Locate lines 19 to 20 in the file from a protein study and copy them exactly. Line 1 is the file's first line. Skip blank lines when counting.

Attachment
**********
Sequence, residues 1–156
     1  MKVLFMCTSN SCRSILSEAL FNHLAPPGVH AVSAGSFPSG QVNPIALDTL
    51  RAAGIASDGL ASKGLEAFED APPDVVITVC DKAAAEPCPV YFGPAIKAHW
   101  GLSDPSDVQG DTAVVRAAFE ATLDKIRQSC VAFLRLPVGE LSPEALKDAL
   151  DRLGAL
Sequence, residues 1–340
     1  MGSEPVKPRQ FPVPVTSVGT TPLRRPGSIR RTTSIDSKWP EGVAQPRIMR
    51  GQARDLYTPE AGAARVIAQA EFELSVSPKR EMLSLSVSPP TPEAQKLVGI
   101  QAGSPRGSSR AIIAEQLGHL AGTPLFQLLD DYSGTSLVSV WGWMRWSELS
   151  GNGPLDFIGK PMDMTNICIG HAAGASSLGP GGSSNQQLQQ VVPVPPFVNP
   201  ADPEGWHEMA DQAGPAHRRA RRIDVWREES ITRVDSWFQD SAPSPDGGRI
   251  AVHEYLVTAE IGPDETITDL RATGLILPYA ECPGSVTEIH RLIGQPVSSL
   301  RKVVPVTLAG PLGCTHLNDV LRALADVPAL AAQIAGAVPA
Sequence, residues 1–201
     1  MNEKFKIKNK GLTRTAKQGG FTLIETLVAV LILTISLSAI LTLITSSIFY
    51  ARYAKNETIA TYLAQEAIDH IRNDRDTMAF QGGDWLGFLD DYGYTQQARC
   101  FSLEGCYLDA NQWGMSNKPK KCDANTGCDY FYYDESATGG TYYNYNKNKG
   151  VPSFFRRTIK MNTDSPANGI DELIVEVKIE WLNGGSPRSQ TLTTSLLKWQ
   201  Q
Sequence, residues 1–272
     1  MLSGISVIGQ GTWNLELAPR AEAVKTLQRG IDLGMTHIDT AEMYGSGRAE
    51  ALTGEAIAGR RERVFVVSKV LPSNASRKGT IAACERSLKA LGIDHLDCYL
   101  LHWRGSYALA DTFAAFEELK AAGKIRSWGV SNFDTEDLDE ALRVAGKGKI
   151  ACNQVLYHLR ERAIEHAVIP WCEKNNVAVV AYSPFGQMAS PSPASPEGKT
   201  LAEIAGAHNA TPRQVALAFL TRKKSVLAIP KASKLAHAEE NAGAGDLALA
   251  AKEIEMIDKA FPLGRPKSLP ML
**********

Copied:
   201  Q
Sequence, residues 1–272